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What is Self-Worth

Are You Worth It?

Do you deserve to wear that beautiful scarf? Do you deserve to get your way?

Most people know what self-esteem is. Merriam-Webster defines it as: “a feeling of having respect for yourself and your abilities; a confidence and satisfaction in oneself.

I often hear the terms self-esteem and self-worth used interchangeably. In fact, if you look up “self-worth” in the Merriam-Webster dictionary, it defines it simply as “self-esteem,” as if they mean the exact same thing.

It may seem wrong for a psychologist to claim to know more about a word definition than the world’s foremost expert on word defining, but I think there is a helpful and important distinction between these two terms.

Here’s how I define self-worth: Your sense of your value as a human being.

Self-esteem says something about how good you feel you are at particular skills and inherent abilities, such as your intelligence, athletic ability, relationships. How are you doing in life, and how do you feel about it?

In contrast, self-worth goes more to your value as a human being: what you feel you have to offer the world, and what you deserve to get from the world.

It is possible to have low self-esteem but good self-worth. But if you have poor self-worth, you will almost certainly also have low self-esteem.

In my work with scores of people over two decades, I have seen that people are able to recognize their low self-esteem and talk about it much more easily than they can their low self-worth. After all, self-esteem is about qualities that are visible to others. When you continually get feedback from all around you that is inconsistent with your own perceptions, you are likely to catch glimpses that your self-esteem is too low. For example, you may surprise yourself by continually making A’s in college when you don’t see yourself as particularly bright. This may lead you to look more closely at yourself, and see the gap between your own self-esteem and reality.

In contrast, self-worth is buried deep within you. It’s difficult to perceive, and hard to put into words. But a healthy sense of self-worth is vital to happiness and success. It is the springboard from which to take risks, ask for what you need, and take on challenges. You can’t just feel confident that you can do something (self-esteem). You have to also believe that you deserve the opportunity to do it (self-worth).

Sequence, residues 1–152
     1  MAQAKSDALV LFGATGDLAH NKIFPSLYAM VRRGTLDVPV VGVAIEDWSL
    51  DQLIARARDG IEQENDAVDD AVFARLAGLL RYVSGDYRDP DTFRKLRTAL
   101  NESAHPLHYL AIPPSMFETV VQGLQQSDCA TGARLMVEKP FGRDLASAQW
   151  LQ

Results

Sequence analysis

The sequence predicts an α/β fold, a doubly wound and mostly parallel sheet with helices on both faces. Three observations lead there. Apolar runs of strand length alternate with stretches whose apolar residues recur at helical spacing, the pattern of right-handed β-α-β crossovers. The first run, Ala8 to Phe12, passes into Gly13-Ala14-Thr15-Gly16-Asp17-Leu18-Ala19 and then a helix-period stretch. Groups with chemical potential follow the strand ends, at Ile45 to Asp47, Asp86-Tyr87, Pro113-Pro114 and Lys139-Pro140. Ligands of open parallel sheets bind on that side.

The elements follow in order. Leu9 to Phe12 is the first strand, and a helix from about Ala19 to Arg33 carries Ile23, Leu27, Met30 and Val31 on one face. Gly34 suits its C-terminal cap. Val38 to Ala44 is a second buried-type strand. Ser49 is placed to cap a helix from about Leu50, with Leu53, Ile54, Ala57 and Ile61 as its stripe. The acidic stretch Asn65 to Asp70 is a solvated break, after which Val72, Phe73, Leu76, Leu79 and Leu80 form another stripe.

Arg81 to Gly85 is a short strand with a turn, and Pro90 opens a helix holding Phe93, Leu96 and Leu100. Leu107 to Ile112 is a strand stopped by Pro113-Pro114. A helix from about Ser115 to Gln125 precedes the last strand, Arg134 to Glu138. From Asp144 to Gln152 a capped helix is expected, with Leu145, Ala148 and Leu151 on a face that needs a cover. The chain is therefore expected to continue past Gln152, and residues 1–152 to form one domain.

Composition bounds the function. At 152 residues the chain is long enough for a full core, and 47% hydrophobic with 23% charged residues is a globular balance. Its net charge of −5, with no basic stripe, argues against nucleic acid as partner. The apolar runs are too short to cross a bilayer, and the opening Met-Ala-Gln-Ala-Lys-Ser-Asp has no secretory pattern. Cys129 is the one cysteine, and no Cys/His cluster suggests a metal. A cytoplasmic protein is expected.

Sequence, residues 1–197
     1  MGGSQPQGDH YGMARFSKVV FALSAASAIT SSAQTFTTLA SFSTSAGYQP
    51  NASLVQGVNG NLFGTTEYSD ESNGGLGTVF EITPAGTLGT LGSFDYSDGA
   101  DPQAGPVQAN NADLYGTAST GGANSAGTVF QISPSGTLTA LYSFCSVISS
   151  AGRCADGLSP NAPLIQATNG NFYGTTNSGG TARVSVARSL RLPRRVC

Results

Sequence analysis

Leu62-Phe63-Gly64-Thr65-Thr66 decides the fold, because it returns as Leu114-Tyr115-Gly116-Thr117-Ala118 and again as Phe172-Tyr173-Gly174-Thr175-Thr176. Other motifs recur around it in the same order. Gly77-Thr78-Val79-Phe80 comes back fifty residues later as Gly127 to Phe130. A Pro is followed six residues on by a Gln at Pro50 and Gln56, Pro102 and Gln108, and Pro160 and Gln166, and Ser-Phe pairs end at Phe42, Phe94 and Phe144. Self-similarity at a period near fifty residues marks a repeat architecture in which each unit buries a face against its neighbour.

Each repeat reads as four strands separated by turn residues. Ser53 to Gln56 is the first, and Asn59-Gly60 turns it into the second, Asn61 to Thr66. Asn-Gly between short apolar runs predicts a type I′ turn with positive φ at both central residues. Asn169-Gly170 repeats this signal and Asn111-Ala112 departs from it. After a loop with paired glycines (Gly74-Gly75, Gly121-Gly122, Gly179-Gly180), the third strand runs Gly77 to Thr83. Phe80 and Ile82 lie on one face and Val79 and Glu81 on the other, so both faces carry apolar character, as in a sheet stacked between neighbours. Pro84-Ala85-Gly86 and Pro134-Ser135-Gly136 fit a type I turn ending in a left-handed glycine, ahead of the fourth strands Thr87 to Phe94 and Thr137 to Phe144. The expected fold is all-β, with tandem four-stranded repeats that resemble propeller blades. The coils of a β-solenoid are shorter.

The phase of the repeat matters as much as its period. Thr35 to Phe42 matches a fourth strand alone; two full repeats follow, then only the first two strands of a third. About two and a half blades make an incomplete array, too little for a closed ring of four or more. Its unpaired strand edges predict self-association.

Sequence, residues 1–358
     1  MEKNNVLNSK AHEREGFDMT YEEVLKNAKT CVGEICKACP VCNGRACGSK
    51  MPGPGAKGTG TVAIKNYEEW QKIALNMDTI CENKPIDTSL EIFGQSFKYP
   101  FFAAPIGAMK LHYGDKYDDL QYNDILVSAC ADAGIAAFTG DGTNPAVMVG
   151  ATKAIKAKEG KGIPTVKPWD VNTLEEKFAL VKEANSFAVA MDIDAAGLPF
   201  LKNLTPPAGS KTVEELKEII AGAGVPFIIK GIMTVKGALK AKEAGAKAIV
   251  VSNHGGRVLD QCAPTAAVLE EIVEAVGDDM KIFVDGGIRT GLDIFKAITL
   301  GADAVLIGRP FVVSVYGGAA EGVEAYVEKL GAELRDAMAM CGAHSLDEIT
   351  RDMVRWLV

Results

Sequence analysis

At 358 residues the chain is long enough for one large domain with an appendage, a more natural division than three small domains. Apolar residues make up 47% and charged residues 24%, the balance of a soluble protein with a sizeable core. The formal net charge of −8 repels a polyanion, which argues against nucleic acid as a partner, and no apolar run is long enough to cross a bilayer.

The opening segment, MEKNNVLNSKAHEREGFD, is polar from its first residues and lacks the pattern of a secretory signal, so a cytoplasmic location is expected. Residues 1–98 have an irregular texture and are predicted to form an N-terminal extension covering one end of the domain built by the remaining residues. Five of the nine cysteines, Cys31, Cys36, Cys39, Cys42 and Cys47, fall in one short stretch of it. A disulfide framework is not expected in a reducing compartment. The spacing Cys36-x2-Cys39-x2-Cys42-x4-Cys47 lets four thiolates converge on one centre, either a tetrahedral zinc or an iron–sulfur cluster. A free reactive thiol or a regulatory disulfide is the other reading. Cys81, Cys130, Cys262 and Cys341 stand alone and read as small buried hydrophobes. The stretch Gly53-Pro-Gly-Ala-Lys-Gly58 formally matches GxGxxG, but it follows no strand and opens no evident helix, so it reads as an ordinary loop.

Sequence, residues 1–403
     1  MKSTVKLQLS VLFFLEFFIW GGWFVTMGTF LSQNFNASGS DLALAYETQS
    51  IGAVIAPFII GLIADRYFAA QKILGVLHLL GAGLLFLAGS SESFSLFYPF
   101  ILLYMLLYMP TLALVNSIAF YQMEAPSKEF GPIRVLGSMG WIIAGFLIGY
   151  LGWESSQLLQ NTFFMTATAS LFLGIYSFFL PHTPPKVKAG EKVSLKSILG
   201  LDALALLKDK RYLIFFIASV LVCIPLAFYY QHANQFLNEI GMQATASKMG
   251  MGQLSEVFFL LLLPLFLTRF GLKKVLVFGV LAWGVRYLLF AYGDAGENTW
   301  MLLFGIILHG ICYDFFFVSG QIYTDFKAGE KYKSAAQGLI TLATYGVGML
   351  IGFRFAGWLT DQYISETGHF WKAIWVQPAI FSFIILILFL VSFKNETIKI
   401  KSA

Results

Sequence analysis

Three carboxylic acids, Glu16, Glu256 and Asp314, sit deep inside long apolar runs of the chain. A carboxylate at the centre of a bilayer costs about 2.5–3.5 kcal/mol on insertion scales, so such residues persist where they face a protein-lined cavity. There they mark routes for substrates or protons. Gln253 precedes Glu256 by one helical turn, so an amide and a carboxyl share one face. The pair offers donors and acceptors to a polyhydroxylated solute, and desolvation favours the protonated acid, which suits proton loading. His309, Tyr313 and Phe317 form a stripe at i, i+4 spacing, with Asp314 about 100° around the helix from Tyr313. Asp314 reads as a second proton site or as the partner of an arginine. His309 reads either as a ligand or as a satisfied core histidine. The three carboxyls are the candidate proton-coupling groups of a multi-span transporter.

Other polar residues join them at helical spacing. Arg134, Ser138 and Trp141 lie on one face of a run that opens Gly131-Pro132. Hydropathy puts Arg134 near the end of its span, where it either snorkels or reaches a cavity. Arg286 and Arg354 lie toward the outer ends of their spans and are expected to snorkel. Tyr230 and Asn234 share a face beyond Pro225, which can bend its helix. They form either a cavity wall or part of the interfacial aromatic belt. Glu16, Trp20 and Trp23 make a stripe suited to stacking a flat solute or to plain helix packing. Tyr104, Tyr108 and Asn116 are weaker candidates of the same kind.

While reading this, have you been thinking about your own self-worth? Do you feel that it is high, low, or somewhere in-between? Here are some basic aspects of self-worth to think about and use as a guide:

1. Self-worth is typically determined by your experience in childhood. Did your parents treat you as worthy? Did they act as if you deserved love, care, admiration, happiness, and the other good things that life has to offer?

2. Self-worth can be damaged by a painful or harmful experience in your adult life. A scathing divorce, emotional abuse, or making a big mistake that leaves you feeling a heavy burden of guilt. All of these are examples of life events that can leave you feeling less worthy, undeserving, or of lower value.

3. In reality, no one person’s value or rights as a human being is higher or lower than any other’s. As a human being, you have an inherent value. You bring your own gifts and challenges to the world, and you have the same rights as every other person to take chances, make mistakes, find success, overcome failure, and enjoy yourself.

Self-esteem and self-worth are both important. But please do not confuse the two. It is vital to have healthy levels of both if you are to live a happy and satisfying life. So take a look at yourself and pay attention to what you see. Remind yourself every day of your value and quality as a deserving person. After all, if you are able to see your own value, it will show on your face. People will look into your eyes and it will be reflected there. And then they will see it too.

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Content copyright © 2013 by Dr. Jonice Webb. All rights reserved.
This content was written by Dr. Jonice Webb. If you wish to use this content in any manner, you need written permission. Contact Dr. Jonice Webb for details.



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